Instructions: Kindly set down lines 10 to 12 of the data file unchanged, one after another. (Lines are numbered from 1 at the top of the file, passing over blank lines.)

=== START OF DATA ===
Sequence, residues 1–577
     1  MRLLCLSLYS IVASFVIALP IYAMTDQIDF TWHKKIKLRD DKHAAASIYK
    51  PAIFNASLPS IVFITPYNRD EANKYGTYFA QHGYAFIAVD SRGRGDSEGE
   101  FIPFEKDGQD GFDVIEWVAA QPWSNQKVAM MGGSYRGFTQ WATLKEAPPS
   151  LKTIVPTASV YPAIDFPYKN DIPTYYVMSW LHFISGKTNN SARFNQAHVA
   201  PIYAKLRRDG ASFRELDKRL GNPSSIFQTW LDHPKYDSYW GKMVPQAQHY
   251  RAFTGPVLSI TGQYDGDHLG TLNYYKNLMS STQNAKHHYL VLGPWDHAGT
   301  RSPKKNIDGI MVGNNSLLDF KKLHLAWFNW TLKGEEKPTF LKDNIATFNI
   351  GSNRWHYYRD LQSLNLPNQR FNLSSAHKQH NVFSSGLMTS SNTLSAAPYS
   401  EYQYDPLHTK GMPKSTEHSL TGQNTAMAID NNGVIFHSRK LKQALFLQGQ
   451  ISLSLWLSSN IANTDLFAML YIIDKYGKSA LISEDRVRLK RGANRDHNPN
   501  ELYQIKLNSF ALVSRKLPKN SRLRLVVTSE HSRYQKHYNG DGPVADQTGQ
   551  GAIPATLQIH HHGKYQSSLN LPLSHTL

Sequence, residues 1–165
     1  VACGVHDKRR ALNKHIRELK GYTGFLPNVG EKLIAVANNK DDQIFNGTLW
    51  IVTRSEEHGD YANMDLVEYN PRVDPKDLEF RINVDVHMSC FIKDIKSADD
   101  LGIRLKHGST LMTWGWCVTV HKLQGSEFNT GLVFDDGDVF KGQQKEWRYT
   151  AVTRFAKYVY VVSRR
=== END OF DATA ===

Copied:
   401  EYQYDPLHTK GMPKSTEHSL TGQNTAMAID NNGVIFHSRK LKQALFLQGQ
   451  ISLSLWLSSN IANTDLFAML YIIDKYGKSA LISEDRVRLK RGANRDHNPN
   501  ELYQIKLNSF ALVSRKLPKN SRLRLVVTSE HSRYQKHYNG DGPVADQTGQ